The Defendant, Brian Duncombe, had been employed by the Plaintiff, Carolian Systems, for a period of approximately two years, and during that time had completely re-written Carolian’s performance management software product, Sysview.
After Duncombe’s employment with Carolian ended, he proceeded to design a piece of software called Assess, which was functionally similar to Sysview, such that it was a direct competitor. Carolian sued Duncombe and the distributor of Assess, Triolet Systems, for copyright infringement.
The trial judge found that infringement of Carolian’s copyright had not occurred, and in making this decision adopted a narrow and literal definition of the word “copy”, finding that while Duncombe may have relied on his own memory from his time working at Carolian, there was nothing to suggest that he literally copied the source code of Sysview in any way.
The Ontario Court of Appeal upheld this decision, deferring to the factual findings of the trial judge, and finding that a commonality of purpose and functional considerations between two pieces of software cannot support a claim for copyright infringement:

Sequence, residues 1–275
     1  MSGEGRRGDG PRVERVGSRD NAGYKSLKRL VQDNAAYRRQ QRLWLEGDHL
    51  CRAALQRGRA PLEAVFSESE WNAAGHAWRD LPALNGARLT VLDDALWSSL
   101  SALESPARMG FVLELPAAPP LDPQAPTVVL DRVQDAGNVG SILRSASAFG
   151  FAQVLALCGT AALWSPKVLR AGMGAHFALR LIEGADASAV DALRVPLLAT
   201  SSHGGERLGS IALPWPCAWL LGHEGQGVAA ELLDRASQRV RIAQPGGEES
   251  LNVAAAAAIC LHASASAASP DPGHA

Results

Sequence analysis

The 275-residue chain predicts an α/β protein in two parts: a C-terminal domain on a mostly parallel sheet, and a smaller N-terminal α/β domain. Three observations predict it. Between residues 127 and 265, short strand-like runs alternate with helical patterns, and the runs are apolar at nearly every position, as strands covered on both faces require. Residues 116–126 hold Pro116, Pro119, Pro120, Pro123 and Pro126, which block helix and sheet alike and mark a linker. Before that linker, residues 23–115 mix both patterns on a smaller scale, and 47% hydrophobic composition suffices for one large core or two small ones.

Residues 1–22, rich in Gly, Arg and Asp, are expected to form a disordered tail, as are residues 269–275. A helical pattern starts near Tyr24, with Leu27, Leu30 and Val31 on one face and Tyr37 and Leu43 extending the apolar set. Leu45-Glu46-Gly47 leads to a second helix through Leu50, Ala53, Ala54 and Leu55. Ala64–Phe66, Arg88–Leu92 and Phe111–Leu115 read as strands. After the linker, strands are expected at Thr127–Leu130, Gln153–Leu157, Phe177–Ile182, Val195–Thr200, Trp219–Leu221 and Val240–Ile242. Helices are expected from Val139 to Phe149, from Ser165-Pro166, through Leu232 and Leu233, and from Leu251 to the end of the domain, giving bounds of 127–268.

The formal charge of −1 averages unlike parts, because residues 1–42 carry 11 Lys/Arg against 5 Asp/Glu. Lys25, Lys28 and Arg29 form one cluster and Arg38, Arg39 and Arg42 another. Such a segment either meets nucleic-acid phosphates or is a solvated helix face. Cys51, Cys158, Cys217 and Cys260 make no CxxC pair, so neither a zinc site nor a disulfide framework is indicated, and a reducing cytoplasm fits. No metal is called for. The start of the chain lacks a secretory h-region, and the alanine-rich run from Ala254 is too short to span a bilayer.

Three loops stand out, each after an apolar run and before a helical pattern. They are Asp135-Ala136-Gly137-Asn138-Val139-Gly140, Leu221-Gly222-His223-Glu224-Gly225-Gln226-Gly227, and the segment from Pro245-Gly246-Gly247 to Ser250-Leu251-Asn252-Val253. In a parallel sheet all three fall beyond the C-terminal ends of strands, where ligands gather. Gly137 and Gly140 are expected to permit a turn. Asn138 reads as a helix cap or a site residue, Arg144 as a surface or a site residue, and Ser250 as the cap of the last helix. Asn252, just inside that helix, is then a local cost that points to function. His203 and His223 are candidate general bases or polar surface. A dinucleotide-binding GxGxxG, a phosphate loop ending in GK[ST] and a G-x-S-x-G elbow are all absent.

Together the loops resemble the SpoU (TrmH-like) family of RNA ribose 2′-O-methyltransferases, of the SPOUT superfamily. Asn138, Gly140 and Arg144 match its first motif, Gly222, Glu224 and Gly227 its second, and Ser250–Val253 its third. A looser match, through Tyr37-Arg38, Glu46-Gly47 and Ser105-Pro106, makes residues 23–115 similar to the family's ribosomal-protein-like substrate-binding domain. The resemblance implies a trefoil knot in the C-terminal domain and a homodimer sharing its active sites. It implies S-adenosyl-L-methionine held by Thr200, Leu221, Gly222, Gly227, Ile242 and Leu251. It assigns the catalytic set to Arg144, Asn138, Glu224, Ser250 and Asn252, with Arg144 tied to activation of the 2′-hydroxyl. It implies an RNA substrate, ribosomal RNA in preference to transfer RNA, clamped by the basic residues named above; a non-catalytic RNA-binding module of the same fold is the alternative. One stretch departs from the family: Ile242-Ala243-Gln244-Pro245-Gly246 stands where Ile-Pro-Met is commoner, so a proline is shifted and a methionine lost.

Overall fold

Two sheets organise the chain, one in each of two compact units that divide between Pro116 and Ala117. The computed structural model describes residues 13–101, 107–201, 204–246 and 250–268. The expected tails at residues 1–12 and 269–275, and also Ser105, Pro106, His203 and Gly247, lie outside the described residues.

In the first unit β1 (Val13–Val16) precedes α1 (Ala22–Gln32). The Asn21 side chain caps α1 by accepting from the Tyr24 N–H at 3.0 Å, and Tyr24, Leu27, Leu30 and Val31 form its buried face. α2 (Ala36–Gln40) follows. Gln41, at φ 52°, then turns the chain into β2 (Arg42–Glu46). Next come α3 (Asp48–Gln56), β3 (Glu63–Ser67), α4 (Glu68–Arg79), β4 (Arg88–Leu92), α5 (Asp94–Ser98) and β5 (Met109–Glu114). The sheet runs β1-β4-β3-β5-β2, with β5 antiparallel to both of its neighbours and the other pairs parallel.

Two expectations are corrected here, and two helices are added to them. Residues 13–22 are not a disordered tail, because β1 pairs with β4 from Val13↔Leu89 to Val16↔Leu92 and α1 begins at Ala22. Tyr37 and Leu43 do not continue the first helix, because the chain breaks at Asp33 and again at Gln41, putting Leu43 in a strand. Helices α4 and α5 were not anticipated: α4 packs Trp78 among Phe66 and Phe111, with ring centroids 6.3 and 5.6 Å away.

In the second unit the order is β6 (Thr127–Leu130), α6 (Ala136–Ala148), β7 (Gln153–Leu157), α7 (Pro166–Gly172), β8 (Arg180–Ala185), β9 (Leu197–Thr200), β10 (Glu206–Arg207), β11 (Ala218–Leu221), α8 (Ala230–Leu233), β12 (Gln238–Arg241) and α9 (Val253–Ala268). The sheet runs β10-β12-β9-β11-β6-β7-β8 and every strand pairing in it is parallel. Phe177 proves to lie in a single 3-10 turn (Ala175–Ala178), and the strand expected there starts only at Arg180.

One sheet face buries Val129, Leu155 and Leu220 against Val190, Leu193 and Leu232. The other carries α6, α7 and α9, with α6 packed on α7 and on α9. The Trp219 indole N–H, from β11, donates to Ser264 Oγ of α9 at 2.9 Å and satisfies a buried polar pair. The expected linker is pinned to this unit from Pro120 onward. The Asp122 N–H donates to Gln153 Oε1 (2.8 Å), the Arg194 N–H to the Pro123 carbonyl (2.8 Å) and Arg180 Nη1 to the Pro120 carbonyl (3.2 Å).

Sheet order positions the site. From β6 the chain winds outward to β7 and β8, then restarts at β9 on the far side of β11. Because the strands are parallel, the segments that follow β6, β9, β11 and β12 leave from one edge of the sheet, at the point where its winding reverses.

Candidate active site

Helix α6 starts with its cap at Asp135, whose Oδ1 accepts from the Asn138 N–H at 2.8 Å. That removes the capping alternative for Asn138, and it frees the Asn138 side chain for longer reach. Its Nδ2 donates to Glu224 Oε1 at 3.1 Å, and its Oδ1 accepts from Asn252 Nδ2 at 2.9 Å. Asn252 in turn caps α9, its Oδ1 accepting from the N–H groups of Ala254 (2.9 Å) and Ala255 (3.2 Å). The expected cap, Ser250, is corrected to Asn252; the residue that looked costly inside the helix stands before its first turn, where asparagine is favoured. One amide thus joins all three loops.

The question of whether a substantial part of Sysview was reproduced by Assess is a matter of fact and degree (Ladbroke at p. 473). It is not for this court to embark on the question of substantial reproduction afresh (Designers Guild Ltd. v. Russell Williams (Textiles) Ltd. (Trading as Washington D.C.),  1 W.L.R. 2416 (H.L.) at 2418, particularly where the onus was on the appellant to prove substantial reproduction. No palpable or overriding error has been shown with respect to the trial judge’s factual conclusions: Hutton v. Canadian Broadcasting Corp.reflex, (1992), 41 C.P.R. (3d) 45 at 49-51 (Alta. C.A.).
Decided by the Ontario Court of Appeal on March 1, 2002.
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